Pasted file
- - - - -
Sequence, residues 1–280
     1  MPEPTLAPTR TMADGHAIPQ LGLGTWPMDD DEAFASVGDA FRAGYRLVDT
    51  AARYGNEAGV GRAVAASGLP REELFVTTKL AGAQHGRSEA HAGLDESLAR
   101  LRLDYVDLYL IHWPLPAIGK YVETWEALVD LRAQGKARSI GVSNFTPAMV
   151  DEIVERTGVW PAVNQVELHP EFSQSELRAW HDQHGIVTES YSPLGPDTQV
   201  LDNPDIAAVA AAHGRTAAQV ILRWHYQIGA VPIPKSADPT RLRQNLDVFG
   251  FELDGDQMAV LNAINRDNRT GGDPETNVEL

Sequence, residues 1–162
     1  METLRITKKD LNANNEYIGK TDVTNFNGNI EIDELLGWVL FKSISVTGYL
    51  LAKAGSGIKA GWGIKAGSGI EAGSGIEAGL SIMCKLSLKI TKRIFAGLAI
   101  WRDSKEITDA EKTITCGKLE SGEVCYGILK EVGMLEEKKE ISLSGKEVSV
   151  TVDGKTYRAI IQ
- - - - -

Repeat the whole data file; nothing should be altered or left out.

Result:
Sequence, residues 1–280
     1  MPEPTLAPTR TMADGHAIPQ LGLGTWPMDD DEAFASVGDA FRAGYRLVDT
    51  AARYGNEAGV GRAVAASGLP REELFVTTKL AGAQHGRSEA HAGLDESLAR
   101  LRLDYVDLYL IHWPLPAIGK YVETWEALVD LRAQGKARSI GVSNFTPAMV
   151  DEIVERTGVW PAVNQVELHP EFSQSELRAW HDQHGIVTES YSPLGPDTQV
   201  LDNPDIAAVA AAHGRTAAQV ILRWHYQIGA VPIPKSADPT RLRQNLDVFG
   251  FELDGDQMAV LNAINRDNRT GGDPETNVEL

Sequence, residues 1–162
     1  METLRITKKD LNANNEYIGK TDVTNFNGNI EIDELLGWVL FKSISVTGYL
    51  LAKAGSGIKA GWGIKAGSGI EAGSGIEAGL SIMCKLSLKI TKRIFAGLAI
   101  WRDSKEITDA EKTITCGKLE SGEVCYGILK EVGMLEEKKE ISLSGKEVSV
   151  TVDGKTYRAI IQ